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Tuesday, March 19, 2019

First few pages of my book on drawing and painting

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link to buy book on amazon

Drawing is based in the structure of how we see and how we see is revealed from the Renaissance onward in Western Art 

Drawing grows out of our understanding of how the eye shapes our reality but from my exposure to myriad books on how to draw, it is usually taught as an exercise in aesthetics which, by definition, is a branch of philosophy dealing with beauty, art and taste. I am a believer in all three but to worship at that altar can be a real hindrance to learning how to draw. 

Another definition of aesthetics says it deals with the senses. The immediate message we can take from this definition is that knowing and understanding which are the realms of science have nothing to do with art. The aesthetic world is where we go when we tire of the dry world of science and need to breathe directly the fresh air of the sensory world. It is a world where we ask: How does it feel? 

I believe that the visual language at its base is one of cognition. If you were to ask a class of first graders to draw where they would like to be if they were not in school they have at their disposal literally a language of circles, squares, triangles and lines to describe their world. They can take us to a baseball diamond, a zoo or their room with all the objects in it. 

There is no question of taste and sensibility, in fact, the performance of these kids is pretty much uniform. There is no one who excels for his or her aesthetic sensibility. Their drawings are a cognitive act, not an aesthetic one. From an adult perspective we tend to be in awe of their spontaneity but the cognitive power of the universal language they use lets them pragmatically express what they know about the world they live in. 

Ask those same kids four years later to do the same exercise and, except for a few, they would all say, “We are not artists, we can’t draw.” What has changed? The verbal has supplanted the visual language as a way of description except for those “class artist” relatives of the “class clown” (the one you ask to draw some cartoon character for you) who still feel there is some possibility for further use of the visual. 

The class artist knows that the stick figure world is not going to cut it anymore. It cannot describe the complexity of the world they now inhabit; something the spoken and written word can do. The verbal is also a social medium and allows for interpersonal action, which is what is needed in order to be human. What do you teach students that represents a step forward in their development?

 Left to their own devices, the student of artistic ability will take an interest in texture and detail and will receive accolades from their teachers and peers for that achievement. Or there is often an interest in what I call the degenerate form of classical drawing that we find in cartooning especially that of superheroes with its obsession with anatomy and pneumatic form. I have been often asked over the years to judge numerous art contests at the high school level and find that both these modes of drawing dominate the work submitted. Both are dead ends. Or are just ends in themselves, but lead nowhere. There is always the rare cartoonist who goes on to establishing a career or the master of detail who goes on to success as a photo-realist.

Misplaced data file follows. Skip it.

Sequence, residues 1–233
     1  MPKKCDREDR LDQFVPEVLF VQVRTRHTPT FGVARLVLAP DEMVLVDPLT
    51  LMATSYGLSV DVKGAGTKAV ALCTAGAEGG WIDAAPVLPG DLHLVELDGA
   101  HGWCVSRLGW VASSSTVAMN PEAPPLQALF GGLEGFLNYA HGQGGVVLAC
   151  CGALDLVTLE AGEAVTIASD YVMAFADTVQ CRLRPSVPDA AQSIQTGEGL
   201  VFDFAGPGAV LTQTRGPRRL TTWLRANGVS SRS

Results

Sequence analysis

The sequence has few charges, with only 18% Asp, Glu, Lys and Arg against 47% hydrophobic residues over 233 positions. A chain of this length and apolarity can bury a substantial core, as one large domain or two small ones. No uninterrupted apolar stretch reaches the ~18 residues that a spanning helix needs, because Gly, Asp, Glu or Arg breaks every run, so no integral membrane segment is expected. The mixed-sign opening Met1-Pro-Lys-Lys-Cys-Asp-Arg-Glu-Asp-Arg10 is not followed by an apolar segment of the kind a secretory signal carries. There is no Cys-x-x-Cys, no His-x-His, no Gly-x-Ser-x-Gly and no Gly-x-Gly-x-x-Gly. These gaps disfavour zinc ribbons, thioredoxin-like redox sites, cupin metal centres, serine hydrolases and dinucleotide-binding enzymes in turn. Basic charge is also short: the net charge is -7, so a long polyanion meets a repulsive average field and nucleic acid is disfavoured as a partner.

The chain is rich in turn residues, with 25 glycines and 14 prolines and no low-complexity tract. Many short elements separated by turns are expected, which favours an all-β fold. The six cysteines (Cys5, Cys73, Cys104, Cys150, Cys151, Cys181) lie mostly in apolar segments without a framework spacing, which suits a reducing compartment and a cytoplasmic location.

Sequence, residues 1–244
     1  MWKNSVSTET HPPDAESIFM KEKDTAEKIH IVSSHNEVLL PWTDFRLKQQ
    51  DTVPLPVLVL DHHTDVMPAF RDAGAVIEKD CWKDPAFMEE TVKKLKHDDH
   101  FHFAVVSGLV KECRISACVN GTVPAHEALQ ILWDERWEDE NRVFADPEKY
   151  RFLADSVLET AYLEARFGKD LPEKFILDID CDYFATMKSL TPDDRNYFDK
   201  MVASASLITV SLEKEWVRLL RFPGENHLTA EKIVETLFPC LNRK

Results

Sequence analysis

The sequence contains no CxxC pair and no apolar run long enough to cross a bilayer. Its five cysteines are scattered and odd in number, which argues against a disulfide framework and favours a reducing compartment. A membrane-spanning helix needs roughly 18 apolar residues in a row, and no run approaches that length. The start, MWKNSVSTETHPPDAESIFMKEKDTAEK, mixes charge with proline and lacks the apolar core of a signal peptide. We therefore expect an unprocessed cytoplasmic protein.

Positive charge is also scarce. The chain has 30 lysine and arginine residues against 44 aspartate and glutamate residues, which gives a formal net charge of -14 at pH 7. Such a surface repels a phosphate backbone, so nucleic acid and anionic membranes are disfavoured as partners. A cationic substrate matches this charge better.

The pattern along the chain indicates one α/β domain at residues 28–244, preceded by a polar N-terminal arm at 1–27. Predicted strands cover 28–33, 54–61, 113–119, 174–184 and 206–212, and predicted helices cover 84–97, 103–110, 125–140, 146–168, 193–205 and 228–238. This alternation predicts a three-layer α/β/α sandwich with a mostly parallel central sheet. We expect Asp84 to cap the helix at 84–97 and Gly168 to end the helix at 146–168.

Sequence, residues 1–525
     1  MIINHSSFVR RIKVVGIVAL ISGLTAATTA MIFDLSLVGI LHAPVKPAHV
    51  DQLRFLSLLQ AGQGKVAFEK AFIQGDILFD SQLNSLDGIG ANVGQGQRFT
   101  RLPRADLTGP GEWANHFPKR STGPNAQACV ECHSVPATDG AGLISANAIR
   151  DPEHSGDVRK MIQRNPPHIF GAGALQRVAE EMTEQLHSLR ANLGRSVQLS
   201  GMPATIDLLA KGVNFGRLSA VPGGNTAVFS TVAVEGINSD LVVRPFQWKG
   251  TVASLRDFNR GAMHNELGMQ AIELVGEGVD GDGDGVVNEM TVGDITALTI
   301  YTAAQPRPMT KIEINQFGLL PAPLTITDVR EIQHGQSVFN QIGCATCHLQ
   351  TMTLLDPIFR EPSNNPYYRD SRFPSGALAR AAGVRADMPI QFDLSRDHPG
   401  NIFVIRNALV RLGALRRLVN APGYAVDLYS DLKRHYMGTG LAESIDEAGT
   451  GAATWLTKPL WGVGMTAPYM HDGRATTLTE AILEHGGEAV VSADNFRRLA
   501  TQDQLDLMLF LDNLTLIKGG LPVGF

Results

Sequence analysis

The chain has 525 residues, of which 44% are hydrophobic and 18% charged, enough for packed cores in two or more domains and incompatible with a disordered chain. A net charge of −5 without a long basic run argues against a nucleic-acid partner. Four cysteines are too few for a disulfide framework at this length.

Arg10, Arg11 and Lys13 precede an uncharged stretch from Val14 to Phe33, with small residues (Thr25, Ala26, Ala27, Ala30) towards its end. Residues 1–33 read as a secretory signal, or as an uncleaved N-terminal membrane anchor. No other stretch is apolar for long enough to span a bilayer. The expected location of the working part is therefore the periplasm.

The only way out of these options is to relive the history of western art and the way it mimics in an oddly self-recursive fashion our self-awareness of the inner cognitive structure of seeing. What has to be pointed out is that we move through the world with ease physically, encountering people and things and cognitively interpreting it, a monumental task that happens as fast as we can “see.” 

The eye is always in the process of stabilizing the world so that we won’t stumble and wallow in the quicksand of incomprehension. I will demonstrate in this book that drawing is grounded in this ordering of perception and is a language that is just as descriptive as the spoken language. Aesthetics is an edifice built on top of this descriptive ability. Beauty and taste are achieved by those who know the language by heart and can stay with it and shape it to speak to more complex issues of the meaning of life. 

 When Kant developed his notion of aesthetics, the language used in the creation of art was fairly homogeneous. It was taught and acquired by all artists in Europe and by the time these artists were ready to create their own body of work, they had years of experience mastering the craft. Art historians could talk about the difference between Raphael and Michelangelo in terms of sensibility and refinement. Their language was for the most part identical, based on some rather solid visual structures, some of which were recent acquisitions such as perspective, but for the most part the language they used already existed in ancient Greece and Rome. The goal was not novelty but emulation of the past, and the glory went to the most perfect mimesis. 

Self Portrait done in 1969 at BU Tanglewood with compressed charcoal


  1. Very interesting. In my own teaching I begin with a simple exercise of five tennis balls on a table to introduce the specificity of point of view and then spatial relationships. Along the way I mention composition, scale, and proportion. After that I show them how to compose via negative space. At the end of the first session students are excited by learning how to see!

  2. Hi Phil. I have put a few more exercises up.One was stolen by Jerry Saltz without attribution. I hope to get this up as soon as possible on Kindle.I acknowledge you and your school.

  3. Thanks. I am genuinely impressed with the depth and erudition of your writing.